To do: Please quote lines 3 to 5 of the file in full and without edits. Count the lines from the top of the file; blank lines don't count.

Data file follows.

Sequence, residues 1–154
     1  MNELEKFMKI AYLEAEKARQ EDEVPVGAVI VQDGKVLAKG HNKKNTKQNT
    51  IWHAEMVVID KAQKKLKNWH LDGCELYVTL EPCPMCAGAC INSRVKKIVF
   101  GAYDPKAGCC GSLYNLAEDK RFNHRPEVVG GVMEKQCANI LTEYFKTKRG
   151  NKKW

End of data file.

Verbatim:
    51  IWHAEMVVID KAQKKLKNWH LDGCELYVTL EPCPMCAGAC INSRVKKIVF
   101  GAYDPKAGCC GSLYNLAEDK RFNHRPEVVG GVMEKQCANI LTEYFKTKRG
   151  NKKW